BEIJING -- Chinese officials accused the Dalai Lama, Tibet's exiled spiritual leader, of trying to sabotage this summer's Beijing Olympics, suggesting Friday they are prepared to take harsh measures against any group causing instability in the Himalayan region.
The ruling Communist Party routinely accuses the Dalai Lama of trying to undermine Chinese authority by pushing for independence for Tibet, although he says he wants meaningful autonomy for the region, not independence.
"China earned the qualifications in order to host the Olympics. But he is even trying to sabotage this important event and spread rumors," said Zhang Qingli, the region's Communist Party secretary, its top official.
Zhang did not say how the Dalai Lama was trying to sabotage the Games, which are five months away.
The Nobel Peace Prize laureate reportedly told British broadcaster ITV News earlier this year that protests at the Olympics could highlight government policies he says are eroding Tibet's traditional Buddhist culture.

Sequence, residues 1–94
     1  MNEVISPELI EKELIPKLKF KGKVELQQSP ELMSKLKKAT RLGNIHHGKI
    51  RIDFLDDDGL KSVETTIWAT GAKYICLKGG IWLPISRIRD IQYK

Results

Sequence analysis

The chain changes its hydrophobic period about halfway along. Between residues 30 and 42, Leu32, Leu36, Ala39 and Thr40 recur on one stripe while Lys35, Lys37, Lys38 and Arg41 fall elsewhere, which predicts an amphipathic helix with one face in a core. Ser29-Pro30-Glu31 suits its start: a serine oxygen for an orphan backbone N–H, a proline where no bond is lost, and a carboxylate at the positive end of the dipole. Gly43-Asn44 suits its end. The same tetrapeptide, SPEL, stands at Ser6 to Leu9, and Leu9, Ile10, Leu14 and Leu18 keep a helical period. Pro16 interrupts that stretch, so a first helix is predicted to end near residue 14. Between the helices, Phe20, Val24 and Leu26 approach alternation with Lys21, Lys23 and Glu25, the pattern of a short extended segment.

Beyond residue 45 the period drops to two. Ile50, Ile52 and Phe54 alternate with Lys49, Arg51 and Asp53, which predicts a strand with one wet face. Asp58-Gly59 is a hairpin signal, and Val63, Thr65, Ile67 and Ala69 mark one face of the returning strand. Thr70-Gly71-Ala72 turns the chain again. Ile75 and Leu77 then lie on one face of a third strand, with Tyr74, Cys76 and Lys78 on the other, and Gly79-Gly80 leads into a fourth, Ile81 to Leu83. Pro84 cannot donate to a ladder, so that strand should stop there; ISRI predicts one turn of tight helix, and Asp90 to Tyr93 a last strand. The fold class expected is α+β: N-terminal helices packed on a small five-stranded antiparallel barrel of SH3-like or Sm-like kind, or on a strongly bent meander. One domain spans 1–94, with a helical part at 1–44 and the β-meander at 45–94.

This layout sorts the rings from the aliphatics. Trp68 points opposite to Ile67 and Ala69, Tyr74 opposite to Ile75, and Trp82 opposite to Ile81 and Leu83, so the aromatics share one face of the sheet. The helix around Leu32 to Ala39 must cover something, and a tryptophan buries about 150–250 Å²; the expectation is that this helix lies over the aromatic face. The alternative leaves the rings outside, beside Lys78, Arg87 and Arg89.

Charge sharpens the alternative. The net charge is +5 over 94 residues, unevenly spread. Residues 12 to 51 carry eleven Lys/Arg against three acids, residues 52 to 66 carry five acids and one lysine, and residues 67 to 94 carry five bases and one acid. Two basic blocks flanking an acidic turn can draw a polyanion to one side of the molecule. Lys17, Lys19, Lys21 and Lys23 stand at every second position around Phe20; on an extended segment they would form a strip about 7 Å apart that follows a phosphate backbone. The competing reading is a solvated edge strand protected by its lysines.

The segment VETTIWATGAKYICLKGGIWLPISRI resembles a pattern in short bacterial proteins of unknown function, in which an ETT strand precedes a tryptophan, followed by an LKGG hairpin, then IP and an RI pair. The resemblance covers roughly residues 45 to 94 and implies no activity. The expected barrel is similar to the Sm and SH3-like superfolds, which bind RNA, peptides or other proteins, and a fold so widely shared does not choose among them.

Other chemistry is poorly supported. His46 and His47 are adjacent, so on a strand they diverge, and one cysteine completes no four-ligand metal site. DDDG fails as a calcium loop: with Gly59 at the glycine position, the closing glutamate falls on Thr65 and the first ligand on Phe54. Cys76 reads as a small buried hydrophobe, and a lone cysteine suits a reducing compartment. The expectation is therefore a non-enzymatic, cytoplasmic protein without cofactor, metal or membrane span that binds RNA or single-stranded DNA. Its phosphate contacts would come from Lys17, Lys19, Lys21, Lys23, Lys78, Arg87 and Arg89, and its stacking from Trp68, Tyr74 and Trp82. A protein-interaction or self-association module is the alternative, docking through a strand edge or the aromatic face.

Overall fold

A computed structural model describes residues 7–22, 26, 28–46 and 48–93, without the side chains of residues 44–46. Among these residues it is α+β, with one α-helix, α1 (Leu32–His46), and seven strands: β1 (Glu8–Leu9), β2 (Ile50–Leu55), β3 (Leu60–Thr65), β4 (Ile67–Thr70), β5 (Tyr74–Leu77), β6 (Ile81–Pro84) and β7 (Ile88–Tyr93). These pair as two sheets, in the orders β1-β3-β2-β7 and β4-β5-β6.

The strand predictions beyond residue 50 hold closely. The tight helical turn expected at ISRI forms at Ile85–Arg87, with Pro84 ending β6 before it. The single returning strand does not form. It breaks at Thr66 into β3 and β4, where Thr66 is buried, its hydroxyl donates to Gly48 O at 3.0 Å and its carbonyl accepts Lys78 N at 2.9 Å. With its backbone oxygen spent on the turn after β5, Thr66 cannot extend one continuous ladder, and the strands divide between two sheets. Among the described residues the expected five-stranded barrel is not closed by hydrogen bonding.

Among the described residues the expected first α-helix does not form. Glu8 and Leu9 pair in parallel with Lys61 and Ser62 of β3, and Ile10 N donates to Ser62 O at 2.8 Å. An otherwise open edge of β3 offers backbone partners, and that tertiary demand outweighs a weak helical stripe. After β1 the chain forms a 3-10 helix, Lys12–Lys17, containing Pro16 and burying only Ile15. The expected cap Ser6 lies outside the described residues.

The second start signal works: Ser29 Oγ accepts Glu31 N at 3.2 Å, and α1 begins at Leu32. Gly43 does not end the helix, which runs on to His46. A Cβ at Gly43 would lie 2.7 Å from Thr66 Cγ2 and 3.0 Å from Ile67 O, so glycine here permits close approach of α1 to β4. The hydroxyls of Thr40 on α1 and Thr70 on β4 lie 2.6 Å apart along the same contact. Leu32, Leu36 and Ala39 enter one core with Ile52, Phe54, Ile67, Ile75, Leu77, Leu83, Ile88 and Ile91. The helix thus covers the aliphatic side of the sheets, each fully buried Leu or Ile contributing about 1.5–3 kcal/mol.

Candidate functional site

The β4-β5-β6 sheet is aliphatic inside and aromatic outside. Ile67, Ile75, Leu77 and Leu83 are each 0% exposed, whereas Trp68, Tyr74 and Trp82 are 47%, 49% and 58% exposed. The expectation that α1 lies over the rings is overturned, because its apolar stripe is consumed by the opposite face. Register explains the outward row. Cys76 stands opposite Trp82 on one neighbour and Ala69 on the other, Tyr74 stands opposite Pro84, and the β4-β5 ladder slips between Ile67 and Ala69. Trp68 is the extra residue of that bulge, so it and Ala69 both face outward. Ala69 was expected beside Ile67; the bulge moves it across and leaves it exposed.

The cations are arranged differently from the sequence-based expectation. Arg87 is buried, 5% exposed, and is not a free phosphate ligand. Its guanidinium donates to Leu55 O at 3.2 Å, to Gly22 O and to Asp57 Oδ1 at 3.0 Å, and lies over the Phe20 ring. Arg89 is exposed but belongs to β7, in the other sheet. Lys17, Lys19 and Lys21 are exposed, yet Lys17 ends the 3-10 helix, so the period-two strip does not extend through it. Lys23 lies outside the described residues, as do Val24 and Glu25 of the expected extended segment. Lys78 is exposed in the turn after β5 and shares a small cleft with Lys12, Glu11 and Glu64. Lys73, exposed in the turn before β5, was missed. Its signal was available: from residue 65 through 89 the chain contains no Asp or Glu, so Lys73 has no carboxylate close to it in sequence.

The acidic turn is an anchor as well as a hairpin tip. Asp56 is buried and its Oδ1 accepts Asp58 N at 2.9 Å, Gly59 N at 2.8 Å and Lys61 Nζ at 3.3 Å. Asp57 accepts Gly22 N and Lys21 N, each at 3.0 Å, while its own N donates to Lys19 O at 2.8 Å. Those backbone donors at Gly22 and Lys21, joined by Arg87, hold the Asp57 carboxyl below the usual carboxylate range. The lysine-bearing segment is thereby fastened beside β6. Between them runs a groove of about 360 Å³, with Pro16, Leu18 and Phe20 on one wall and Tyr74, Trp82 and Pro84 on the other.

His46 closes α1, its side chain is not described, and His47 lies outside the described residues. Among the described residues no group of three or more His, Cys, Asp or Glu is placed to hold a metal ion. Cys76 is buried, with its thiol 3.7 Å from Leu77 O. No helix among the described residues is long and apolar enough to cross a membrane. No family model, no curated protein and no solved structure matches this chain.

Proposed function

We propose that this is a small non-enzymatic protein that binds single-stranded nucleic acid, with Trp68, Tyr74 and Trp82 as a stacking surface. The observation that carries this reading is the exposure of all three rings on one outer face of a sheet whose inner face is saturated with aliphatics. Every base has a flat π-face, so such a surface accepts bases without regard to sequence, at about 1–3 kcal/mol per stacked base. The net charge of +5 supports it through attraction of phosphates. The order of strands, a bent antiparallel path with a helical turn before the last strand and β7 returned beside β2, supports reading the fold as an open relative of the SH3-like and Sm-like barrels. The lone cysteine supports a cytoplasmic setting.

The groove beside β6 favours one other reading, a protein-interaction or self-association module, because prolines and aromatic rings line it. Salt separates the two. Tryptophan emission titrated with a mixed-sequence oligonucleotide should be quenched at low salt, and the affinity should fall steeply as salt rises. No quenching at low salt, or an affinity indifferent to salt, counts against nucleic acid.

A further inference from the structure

Tibet will be highlighted during the Olympic torch relay, which follows an ambitious route that includes a stop at the top of Mount Everest, which straddles the border between Tibet and Nepal.
Activists have indicated they may use the high-profile event to air their grievances against the Chinese government. But the head of China's armed police command in Tibet, Kang Jingzhong, warned against any protests.
"If there is an unstable element in Tibet, for example, the sabotage activities of the Dalai clique, then under these special and individual circumstances we will take corresponding measures to uphold stability," he said.
Zhang and Kang spoke at a meeting at Beijing's Great Hall of the People with delegates attending the annual session of the National People's Congress, China's ceremonial legislature.
Chinese Communist troops occupied Tibet in 1951 and Beijing continues to rule the region with a heavy hand. Beijing enforces strict controls on religious institutions and routinely vilifies the Dalai Lama, who fled to India in 1959 amid an aborted uprising against Chinese rule and won the 1989 Nobel Peace Prize.
China says it has ruled Tibet for centuries, although many Tibetans say their homeland was essentially an independent state for most of that time.